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Dano fine-tuned his role to the music

Paul Dano has been known for his darker film roles in recent years: the cruel slave owner in “12 Years a Slave,” the young fire-and-brimstone preacher in “There Will Be Blood,” and the troubled disabled victim in “Prisoners.” So it’s with some surprise to see him take on a very different role in “Love and Mercy” as the youthful Beach Boy leader Brian Wilson.

"It really never crossed my mind to ever play Brian Wilson," says the New York-based actor, in Los Angeles for the movie's premiere last week, "but luckily they thought of me."

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"Love and Mercy" is an unconventional biopic that dissects the complex life of Wilson, criss-crossing between two distinct periods in his life: at the peak of 1960s creativity during the making of the Beach Boys' masterful album "Pet Sounds" and the chart-topping single "Good Vibrations"; and also Wilson's time as a troubled recluse in the 1980s battling mental health and addiction issues.

Spanning three decades of the musician’s life, director Bill Pohlad took the unusual approach of casting two very different actors for both roles. Dano plays the younger Wilson while John Cusack plays him in troubled middle-age and under the supervision of controversial therapist Eugene Landy (Paul Giamatti). Along the way, the movie is also a love story about Wilson’s redemptive relationship with the woman who would become his second wife, Melinda Ledbetter (played by Elizabeth Banks).

Dano and Cusack never discussed their separate portrayals. "We met when I was finishing and John was just starting," says Dano. "Bill believed that if we just followed our respective Brians and their story then it would work out. It's important to see the juxtaposition of the two people, especially when you see Brian in the studio so vital, and then see the older Brian quiet, almost traumatized. There is a mystery there, how did that person become that?"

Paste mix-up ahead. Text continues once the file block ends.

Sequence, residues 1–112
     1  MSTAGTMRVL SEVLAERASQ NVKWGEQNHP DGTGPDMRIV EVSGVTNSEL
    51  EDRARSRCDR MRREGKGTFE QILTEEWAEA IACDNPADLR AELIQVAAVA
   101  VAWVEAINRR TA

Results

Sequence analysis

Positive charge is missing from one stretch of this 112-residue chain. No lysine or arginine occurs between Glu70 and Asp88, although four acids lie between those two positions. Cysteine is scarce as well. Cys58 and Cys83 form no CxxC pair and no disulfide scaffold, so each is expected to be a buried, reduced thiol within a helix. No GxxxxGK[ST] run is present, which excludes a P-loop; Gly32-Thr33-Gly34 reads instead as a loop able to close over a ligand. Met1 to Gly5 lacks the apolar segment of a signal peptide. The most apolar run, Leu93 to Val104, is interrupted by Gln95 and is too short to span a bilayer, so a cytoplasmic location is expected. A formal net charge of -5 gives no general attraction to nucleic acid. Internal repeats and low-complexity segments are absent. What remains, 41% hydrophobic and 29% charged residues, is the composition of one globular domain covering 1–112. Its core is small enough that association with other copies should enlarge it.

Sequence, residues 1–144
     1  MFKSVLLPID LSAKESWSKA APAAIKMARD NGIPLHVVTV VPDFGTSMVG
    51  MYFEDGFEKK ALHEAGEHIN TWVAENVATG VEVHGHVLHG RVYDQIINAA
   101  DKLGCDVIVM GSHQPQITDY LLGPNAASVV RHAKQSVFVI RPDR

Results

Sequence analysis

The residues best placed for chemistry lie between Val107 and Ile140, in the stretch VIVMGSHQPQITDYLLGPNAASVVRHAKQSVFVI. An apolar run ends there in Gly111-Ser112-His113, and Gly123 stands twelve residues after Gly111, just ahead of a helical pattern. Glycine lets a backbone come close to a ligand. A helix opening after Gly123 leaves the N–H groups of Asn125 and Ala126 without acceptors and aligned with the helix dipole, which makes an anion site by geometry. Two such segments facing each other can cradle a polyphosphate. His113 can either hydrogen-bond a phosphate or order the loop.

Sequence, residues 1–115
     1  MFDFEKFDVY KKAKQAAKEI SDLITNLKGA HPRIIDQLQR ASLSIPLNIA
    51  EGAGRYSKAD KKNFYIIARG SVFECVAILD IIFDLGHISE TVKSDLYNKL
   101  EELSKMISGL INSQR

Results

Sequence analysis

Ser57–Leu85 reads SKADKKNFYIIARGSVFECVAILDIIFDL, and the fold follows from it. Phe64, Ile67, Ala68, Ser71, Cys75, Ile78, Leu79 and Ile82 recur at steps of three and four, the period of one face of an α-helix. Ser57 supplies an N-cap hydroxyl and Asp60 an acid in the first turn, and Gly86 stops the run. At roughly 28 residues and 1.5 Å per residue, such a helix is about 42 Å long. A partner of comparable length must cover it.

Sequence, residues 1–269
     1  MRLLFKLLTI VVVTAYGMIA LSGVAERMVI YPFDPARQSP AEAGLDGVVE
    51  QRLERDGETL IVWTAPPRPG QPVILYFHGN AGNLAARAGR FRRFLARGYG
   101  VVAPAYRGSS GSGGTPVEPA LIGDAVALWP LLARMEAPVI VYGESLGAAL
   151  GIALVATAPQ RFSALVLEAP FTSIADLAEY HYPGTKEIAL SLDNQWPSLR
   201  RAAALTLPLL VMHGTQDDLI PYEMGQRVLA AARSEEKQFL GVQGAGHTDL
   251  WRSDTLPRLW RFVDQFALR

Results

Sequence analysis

Dano also chose to not meet Wilson initially. "I didn't want to meet him right away — he is very different now than he was in the '60s. I felt he was such an open and honest person and I didn't want to mimic him or grill him about unnecessary details of his life so I took a lot of time doing my own research and learning about his music and how to play it."

Dano felt the answers to his most important questions about Wilson lay in the complex yet sonically beautiful music he made. "I think that's where you find his truest self," says Dano. "Particularly when he is creating 'Pet Sounds.' I think the movie will change how people perceive his work."

Many of the key scenes were filmed in the actual Sunset Boulevard recording studio where Wilson recorded "Pet Sounds," working closely with the legendary studio musicians who were collectively dubbed "The Wrecking Crew."

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"I got to talk to many of the members of the original Wrecking Crew about Brian, and they all spoke how in the studio they were in awe of him and they knew he was creating something really special," says Dano.

While the ebullient Wilson shines in the studio, the film also portrays his strained relationship with his abusive father, who initially managed the Beach Boys.

"Their father was really hard on them verbally, physically and there are some stories that are really hard to swallow," says Dano. "I think Brian wanted to be free in his music and that was hard with his dad, who was so critical. The most complicated thing about Brian is that he has love for that person — he would say that probably that he wouldn't have gotten where he was without his father, even though he has such bad feelings towards his father. So when he fired his father as manager, I think that was really hard for him to do and his father stayed in bed for a month after — which is interesting because Brian went to bed to for an extended time later on."

"I think when you watch the film you wish Brian had a been given a lot more love and mercy in his own life earlier on," says Dano. "He tried to give it to people with his music and generosity of spirit and perseverance."

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KATHERINE TULICH

writes about film and culture for Marquee.

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